Thursday January 24, 2019
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Frog Poaching has become rampant in Monsoon to meet tourists’ demand in Goa

The food markets in Panaji and Margao are oblivious to the fact that poaching of frogs is illegal under the Wildlife Protection Act

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  • Frog meat is considered a common delicacy in Goa
  • Wide scale poaching continues even though frogs are protected under Wildlife Conservation Act
  • Poachers use ‘Mountain Chicken’ as code word for frogs while smuggling

People in Goa claim they have been feeding on frog meat since old ages as tradition to their culture. Frog meat is also common among the tourists who frequent Goa, especially the Russians and Spaniards. With a spurring demand for frogs which is only heightened during the months of monsoon, environment officials are citing growing concern regarding food chains.

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frog meat
Tourists in Goa, Image source: Wikimedia Commons

Ajay Saxena, Goa’s Principal Chief Conservator of Forests, calls this practice unnatural. “People in Goa claim that eating frog meat is a tradition. I don’t understand what kind of tradition is there when you are disturbing an food chain,” he said in his speech in Panaji on the occasion of World Environment Day, June 5.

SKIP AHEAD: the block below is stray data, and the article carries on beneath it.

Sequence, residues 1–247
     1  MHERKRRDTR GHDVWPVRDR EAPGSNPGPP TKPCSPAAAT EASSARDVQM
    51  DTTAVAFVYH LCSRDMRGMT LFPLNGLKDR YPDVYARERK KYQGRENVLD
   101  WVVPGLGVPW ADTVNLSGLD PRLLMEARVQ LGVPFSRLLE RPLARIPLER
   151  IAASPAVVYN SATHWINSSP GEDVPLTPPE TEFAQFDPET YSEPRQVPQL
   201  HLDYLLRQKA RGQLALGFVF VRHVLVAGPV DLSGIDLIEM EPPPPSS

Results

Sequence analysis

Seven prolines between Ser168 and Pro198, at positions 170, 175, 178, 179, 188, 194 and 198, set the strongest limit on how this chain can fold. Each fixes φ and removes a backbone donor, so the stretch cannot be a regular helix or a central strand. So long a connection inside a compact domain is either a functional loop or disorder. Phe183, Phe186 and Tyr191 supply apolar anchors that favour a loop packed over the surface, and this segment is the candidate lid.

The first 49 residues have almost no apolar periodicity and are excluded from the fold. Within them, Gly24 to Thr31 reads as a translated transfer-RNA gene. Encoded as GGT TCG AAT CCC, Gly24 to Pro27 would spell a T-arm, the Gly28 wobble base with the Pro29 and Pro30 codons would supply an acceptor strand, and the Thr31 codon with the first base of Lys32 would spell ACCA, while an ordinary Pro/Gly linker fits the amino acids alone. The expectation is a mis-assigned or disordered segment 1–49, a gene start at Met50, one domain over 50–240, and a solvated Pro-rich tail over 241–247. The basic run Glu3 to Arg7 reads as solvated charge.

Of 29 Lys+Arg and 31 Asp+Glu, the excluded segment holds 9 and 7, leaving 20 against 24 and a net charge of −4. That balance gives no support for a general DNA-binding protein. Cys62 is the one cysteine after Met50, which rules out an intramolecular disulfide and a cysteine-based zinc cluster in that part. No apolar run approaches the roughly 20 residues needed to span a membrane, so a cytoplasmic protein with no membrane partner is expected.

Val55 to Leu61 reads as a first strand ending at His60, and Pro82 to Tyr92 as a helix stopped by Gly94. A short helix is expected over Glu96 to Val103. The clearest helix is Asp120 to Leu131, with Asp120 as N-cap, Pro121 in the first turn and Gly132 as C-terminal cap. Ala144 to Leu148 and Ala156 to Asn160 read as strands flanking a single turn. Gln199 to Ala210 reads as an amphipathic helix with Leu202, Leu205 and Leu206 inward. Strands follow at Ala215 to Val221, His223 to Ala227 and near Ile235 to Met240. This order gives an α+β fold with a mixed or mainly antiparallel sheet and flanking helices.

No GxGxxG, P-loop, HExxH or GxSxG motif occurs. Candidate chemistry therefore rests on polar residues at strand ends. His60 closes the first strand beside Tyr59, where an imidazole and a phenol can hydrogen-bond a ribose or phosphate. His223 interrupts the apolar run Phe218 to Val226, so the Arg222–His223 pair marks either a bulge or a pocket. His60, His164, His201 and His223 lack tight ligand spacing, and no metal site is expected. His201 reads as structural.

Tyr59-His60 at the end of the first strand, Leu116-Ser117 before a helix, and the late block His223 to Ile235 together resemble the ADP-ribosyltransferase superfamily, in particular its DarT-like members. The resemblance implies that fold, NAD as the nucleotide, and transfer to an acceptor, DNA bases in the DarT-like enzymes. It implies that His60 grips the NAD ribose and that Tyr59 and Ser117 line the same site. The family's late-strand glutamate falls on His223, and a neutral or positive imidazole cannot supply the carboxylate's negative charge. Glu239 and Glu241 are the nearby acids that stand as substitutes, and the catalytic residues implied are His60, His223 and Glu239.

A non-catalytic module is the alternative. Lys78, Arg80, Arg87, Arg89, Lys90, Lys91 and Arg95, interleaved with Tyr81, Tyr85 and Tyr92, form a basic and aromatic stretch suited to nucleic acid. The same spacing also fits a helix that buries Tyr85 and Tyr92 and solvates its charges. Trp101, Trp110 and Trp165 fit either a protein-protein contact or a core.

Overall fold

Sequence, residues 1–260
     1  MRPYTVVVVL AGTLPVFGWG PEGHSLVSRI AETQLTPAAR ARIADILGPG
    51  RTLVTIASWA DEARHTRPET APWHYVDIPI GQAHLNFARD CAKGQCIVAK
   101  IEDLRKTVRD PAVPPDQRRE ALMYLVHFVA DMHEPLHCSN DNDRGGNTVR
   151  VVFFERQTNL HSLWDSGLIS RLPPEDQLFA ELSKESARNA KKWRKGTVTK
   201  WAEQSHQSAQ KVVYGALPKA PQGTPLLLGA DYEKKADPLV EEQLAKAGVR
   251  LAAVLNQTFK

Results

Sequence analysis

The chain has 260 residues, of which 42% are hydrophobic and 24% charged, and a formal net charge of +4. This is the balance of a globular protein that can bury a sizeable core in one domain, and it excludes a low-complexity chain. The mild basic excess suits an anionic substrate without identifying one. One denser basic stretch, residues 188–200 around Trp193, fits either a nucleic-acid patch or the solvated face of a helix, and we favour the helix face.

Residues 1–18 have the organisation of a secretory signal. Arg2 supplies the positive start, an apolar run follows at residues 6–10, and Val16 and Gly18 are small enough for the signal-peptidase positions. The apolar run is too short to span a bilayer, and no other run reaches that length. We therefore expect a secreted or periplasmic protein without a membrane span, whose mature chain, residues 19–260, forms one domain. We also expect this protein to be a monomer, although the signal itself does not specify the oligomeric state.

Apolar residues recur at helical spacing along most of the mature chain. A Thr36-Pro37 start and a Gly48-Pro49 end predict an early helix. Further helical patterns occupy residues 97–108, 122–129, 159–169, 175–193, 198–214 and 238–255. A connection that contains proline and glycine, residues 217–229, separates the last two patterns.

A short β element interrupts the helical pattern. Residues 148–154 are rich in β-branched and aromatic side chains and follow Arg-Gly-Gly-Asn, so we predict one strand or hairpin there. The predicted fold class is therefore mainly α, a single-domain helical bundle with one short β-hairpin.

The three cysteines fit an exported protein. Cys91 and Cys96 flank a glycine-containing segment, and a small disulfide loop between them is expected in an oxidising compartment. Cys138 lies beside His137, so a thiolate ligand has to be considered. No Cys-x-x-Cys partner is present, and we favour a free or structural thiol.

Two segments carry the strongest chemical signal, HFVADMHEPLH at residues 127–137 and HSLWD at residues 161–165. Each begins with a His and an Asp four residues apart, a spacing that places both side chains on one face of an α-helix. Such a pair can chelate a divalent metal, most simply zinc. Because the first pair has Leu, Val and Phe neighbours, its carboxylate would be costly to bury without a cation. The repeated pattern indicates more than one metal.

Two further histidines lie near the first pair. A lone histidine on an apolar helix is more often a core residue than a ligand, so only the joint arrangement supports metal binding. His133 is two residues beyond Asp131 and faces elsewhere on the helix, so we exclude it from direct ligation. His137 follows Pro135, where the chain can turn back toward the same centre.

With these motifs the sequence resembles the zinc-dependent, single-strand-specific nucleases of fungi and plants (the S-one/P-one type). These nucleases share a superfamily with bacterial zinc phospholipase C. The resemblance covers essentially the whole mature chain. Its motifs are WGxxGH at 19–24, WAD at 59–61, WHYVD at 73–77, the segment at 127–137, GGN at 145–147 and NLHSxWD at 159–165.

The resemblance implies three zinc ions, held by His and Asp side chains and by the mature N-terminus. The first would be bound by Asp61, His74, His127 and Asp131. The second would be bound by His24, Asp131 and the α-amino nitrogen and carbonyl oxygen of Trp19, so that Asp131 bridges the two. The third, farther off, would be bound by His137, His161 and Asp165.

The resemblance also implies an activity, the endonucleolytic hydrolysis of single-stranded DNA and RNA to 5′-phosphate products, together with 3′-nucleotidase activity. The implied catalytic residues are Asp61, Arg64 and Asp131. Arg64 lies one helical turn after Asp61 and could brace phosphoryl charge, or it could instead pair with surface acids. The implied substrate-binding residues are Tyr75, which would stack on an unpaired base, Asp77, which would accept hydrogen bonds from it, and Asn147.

Poaching of frogs is illegal under the Wildlife Protection Act. But even with legal protection being provided for the frogs, it is of little help since poachers have become adept at what they do. Bringing in frog meat from the district of Uttar Kannada, these poachers are posing a dangerous threat to the stability of ecosystems. Frog meat is often referred to as ‘Mountain Chicken’ or ‘Jumping Chicken’, which serve as code words for its cross border smuggling.

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The food markets in Panaji and Margao, however, seem to be oblivious to this fact. This is because poachers often bypass the markets and serve directly hotels and restaurants, and are paid by the size of the frogs.

Poaching, smuggling and trade of wildlife accounts to over $290 billion all over the world, only next to drug smuggling.

Meanwhile, environmentalists have another concern. With numbers of frogs drastically reducing, snakes and pythons, which are their main predators, may soon start penetrating into human settlements in search of food.

-Written by Saurabh Bodas. Saurabh is an intern at NewsGram. Twitter: saurabhbodas96

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  • Pashchiema Bhatia

    This might disturb the ecosystem as well. Reduction in frog population might increase the number of snakes in the area. Moreover, it is illegal. The government would have to take strict actions for the implementation of this ban.

  • Paras Vashisth

    Poaching of frogs is illegal. The continue declination of frogs disturbing the food chain and as a result it might effect the life of other wild animals like reptiles.
    SAVE THE FROGS!!

  • Vrushali Mahajan

    Yes! this will affect the ecosystem. The ecosystem works on each other’s existence. Disturbing even the finest element could affect the environment. This should be stopped and looked after.

SHARE
  • Pashchiema Bhatia

    This might disturb the ecosystem as well. Reduction in frog population might increase the number of snakes in the area. Moreover, it is illegal. The government would have to take strict actions for the implementation of this ban.

  • Paras Vashisth